A profound meditation from Amy Carmichael:
The last thing He did before His hands were bound.
And one of them smote the servant of the high priest, and cut off his right ear. And Jesus answered and said, Suffer you thus far. And He touched his ear and healed him. (Luke 22. 50, 51)
Then the band and the captain and the officers of the Jews took Jesus and bound Him. (John 18.12)
The last thing the Lord Jesus did before His hands were bound, was to heal.
Have you asked yourself, If I knew this was the last thing I should do, what would I do? I have never found the answer to that question. There are so very, very many things that would want to do for those whom we love, that I do not think we are likely to be able to find the chief one of all these. So the best thing is just to go on simply, doing each thing as it comes as well as we can.
Our Lord Jesus spent much time in healing sick people, and in the natural course of events it happened that the last thing He did with His kind hands was to heal a bad cut. (I wonder how they could have the heart to bind His hands after that.)
In this as in everything, He left us an example that we should follow in His steps. Do the thing that this next minute, this next hour, brings you, faithfully and lovingly and patiently; and then the last thing you do, before power to do is taken from you (if that should be), will be only the continuation of all that went before.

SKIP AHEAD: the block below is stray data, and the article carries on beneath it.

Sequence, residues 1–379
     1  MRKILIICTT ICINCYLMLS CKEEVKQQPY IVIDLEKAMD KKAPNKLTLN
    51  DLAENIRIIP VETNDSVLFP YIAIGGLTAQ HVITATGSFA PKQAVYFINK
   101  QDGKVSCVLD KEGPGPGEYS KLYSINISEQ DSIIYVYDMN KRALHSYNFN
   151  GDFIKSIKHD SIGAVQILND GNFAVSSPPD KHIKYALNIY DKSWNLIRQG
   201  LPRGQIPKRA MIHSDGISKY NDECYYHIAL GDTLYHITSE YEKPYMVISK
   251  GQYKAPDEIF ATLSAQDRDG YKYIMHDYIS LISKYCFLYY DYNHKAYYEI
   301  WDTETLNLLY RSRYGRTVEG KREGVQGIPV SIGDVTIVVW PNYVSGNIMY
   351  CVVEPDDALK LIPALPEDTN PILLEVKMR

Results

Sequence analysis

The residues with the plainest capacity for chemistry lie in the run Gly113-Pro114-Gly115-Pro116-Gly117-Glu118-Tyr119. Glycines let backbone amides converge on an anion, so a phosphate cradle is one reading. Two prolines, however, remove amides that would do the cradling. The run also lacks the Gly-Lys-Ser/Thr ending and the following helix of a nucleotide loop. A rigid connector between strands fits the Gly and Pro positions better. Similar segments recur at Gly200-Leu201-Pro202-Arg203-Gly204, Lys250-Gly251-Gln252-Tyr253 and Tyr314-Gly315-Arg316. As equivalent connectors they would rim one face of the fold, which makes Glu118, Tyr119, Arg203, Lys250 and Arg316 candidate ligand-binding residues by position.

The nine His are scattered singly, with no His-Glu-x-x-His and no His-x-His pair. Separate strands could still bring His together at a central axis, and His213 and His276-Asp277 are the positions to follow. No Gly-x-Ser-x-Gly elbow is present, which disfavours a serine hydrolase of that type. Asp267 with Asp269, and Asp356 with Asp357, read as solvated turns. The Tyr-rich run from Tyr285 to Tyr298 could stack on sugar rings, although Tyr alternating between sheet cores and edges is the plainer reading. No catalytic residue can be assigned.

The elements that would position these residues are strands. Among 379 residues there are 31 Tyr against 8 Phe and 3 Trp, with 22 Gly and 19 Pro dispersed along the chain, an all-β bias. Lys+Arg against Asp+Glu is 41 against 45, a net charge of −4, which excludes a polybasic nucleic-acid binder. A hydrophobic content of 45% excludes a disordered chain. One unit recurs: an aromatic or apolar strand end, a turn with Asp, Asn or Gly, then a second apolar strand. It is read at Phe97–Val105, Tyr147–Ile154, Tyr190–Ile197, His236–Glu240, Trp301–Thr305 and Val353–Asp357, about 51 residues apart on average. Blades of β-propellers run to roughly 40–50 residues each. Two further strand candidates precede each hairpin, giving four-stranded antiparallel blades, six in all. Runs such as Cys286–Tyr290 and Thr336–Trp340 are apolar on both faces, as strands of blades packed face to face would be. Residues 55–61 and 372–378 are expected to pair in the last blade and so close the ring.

“So you’ve been hauled over the coals? Don’t follow the advice of pride and lose your temper. Think: how charitable they are toward me! The things they’ve left unsaid.” (Josemaria Escriva)
“…a smile is often the best mortification.” (St. Josemaría Escrivá)
“The appropriate word you left unsaid; the joke you didn’t tell; the cheerful smile for those who bother you; that silence when you’re unjustly accused; your kind conversation with people you find boring and tactless; the daily effort to overlook one irritating detail or another in those who live with you…this, with perseverance, is indeed solid interior mortification.” (St. Josemaría Escrivá)
This is exactly what God does for us. He punishes us and then comes to be with us in our punishment.
At our Witnesses to Hope meeting this week, Sr. Dorcee spoke about the importance of seeing goodness and beauty in the other and gives tips about how to do that. If you would like to see or hear the talk, you can go here. A number of people asked her for this quote, so here it is:
To see that someone is good and to say so is a creative act–one of the great creative acts. There may be some few individuals who are inescapably evil, but they are few. Within almost all of us is something positive and unique, but which is all too easily injured, and which only grows when exposed to the sunlight of someone else’s recognition and praise. To see the good in others and let them see themselves in the mirror of our regard is to help someone grow to become the best they can be. ‘Greater,’ says the Talmud, ‘is one who causes others to do good than one who does good himself.’ To help others become what they can be is to give birth to creativity in someone else’s soul. This is done not by criticism or negativity but by searching out the good in others, and helping them to see it, recognize it, own it, and live it.
‘And God saw that it was good’–this too is part of the work of creation, the subtlest and most beautiful of all. When we recognize the goodness in someone, we do more than create it, we help it to become creative. This is what God does for us, and what He calls us to do for others. (Rabbi Jonathan Sacks)